The Later Emperors

Commodus
Commodus (Lucius Aelius Aurelius Commodus), 161-192, Roman emperor (180-192), son and successor of Marcus Aurelius. imageMarcus Aurelius is seen as one of the wisest and greatest of the Roman Emperors, however, his record is sometimes tainted by that of his deviant son. In 180, reversing his father’s foreign policy, he concluded peace with the German and the Sarmatian tribes and returned to his licentious pleasures in Rome. There he vaunted his strength in gladiatorial combats and decreed that he should be worshiped as Hercules Romanus. He changed his own name to Marcus Commodus Antoninus and wanted to rename the city of Rome after himself. Many plots to assassinate him failed, but eventually, on the order of his advisers, he was strangled by a wrestler. Pertinax succeeded him.
Commodus had a number of male lovers. He is said to have a harem of 300 girls and the same number of boys and to put on great orgies. In 2000’s Academy Award-winner for Best Picture, Gladiator, Commodus serves as the main antagonist of the film. He is depicted as cowardly, greedy and ruthless. He is played by Joaquin Phoenix.
Elagabalus
Heliogabalus or Elagabalus, c.205-222, Roman emperor (218-22). He was a priest of the local sun god, Elagabalus, at Emesa and was named Varius Avitus Bassianus. imageHe was a cousin of Caracalla; according to the claims (almost certainly false) of his ambitious mother and grandmother, he was the son of Caracalla. He was chosen by the troops in Syria as emperor in opposition to Macrinus, who had killed and succeeded Caracalla. When Macrinus was defeated and killed at Antioch, Heliogabalus became emperor as Marcus Aurelius Antoninus. His reign was a tragic farce. He imported the cult of which he was priest, and Rome was shocked and disgusted by the indecency of the rites as well as by the private life of the emperor, who gave high offices to an actor, a charioteer, and a barber. His grandmother, Julia Maesa, induced him to adopt his young cousin, Alexander Severus, but Heliogabalus later tried to have the boy killed. Heliogabalus and his mother were murdered in an uprising of the Praetorian Guard. Alexander Severus succeeded.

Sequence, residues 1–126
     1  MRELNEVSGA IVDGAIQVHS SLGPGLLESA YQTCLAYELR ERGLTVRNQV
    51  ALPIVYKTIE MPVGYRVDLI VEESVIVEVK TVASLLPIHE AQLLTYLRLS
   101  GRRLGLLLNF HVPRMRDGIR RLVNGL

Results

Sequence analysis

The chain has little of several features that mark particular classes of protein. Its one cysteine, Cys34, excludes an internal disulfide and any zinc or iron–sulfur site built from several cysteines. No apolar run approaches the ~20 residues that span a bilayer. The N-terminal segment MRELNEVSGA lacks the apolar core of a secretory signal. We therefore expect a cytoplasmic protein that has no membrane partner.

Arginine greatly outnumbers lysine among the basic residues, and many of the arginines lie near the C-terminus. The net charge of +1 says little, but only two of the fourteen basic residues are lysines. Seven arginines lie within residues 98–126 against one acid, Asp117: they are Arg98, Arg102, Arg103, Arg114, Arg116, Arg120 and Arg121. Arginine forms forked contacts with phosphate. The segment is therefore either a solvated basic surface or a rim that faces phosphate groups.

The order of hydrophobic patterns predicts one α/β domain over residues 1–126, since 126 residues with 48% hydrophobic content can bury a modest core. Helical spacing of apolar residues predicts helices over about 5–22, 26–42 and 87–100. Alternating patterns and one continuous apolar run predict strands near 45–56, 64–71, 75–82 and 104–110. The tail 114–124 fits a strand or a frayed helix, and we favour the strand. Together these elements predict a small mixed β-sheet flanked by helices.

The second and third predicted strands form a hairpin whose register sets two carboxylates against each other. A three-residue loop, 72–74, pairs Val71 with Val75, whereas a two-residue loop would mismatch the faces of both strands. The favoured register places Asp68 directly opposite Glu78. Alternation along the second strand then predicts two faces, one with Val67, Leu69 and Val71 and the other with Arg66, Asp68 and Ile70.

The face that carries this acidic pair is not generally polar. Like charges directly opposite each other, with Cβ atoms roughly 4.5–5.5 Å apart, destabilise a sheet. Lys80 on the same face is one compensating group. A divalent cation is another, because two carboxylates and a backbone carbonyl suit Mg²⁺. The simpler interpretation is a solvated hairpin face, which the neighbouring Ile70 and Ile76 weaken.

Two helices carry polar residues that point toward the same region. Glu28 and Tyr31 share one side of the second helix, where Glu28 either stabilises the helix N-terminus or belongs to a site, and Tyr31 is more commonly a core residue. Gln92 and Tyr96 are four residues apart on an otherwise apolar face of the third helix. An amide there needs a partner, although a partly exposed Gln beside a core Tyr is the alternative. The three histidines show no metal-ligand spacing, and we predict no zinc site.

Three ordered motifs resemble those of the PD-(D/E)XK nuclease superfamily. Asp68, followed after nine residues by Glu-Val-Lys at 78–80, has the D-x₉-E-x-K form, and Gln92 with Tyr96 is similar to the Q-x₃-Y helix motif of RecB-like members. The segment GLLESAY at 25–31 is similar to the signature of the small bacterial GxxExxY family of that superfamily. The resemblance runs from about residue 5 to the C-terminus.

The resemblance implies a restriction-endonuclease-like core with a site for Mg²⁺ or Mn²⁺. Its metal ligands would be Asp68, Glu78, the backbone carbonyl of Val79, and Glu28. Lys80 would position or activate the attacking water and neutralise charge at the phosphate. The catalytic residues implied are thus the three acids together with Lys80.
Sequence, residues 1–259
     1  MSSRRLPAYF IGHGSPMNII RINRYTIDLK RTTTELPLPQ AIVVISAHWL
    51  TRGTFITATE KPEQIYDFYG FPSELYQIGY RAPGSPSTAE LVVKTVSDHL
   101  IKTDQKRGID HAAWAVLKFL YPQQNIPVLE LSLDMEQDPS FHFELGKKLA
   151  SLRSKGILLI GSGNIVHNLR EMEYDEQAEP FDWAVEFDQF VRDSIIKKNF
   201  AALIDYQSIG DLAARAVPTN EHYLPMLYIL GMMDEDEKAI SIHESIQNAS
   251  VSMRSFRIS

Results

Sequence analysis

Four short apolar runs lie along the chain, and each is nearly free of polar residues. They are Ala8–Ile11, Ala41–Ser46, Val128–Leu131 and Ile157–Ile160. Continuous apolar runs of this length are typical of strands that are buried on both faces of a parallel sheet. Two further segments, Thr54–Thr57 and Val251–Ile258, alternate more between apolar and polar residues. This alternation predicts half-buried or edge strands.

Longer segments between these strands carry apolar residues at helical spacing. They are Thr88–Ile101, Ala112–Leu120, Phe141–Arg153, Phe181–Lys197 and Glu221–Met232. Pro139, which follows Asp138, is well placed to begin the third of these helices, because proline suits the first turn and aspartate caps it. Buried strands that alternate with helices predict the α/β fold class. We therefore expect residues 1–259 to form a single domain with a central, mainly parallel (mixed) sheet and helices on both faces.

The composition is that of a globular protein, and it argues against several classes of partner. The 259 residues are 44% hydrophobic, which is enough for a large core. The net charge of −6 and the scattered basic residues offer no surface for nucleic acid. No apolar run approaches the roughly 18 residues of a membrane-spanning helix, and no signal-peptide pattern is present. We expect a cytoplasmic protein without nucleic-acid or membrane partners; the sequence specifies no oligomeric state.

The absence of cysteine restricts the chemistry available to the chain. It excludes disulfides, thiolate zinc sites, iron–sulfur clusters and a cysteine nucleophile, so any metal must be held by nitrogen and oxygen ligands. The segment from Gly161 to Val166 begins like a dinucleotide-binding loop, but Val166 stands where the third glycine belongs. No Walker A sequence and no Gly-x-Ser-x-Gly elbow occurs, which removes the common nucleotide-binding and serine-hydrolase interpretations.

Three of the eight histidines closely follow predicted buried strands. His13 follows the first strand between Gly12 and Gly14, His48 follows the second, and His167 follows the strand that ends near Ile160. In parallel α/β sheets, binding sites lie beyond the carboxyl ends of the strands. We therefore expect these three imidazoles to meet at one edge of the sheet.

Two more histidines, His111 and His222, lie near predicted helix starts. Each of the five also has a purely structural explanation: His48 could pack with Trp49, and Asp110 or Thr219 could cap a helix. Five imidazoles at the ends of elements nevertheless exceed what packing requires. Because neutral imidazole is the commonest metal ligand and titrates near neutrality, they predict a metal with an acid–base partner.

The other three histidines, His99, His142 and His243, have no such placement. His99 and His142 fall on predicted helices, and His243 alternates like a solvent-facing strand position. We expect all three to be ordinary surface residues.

image But for sheer shock value, none can compare with Elagabalus, who believes himself to be a living god. Elagabalus is remarkable not only for being only 14 years old when he becomes absolute ruler of the Roman empire but also for his sexual activities while holding that office… shocking in the eyes of respectable Roman society is his ‘marriage’ to a slave named Hierocles. Elagabalus likes nothing better than to dress as a woman and go around with his ‘husband’, who is even encouraged to beat the emperor as if he is his real wife. Sometimes Elagabalus plays out scenes in which Hierocles finds him with another man and punishes him for his ‘infidelity’.
Philip the Arab
image Philip or Philip the Arabian (Marcus Julius Philippus), 204?-249, Roman emperor (244-49). He served under Gordian III against the Persians, instigated the assassination of the emperor, and concluded a peace with Persia. The millennium of Rome was celebrated by him with the splendor of secular games in the Circus Maximus. Philip sent Decius to the Danube to quell a mutiny, but when the troops hailed Decius as emperor, he marched at their head upon Italy. Philip met them near Verona and was slain. Philip the Arabian was also known for his fondness for young men.

About Joe

I began my life in the South and for five years lived as a closeted teacher, but am now making a new life for myself as an oral historian in New England. I think my life will work out the way it was always meant to be. That doesn't mean there won't be ups and downs; that's all part of life. It means I just have to be patient. I feel like October 7, 2015 is my new birthday. It's a beginning filled with great hope. It's a second chance to live my life…not anyone else's. My profile picture is "David and Me," 2001 painting by artist Steve Walker. It happens to be one of my favorite modern gay art pieces. View all posts by Joe

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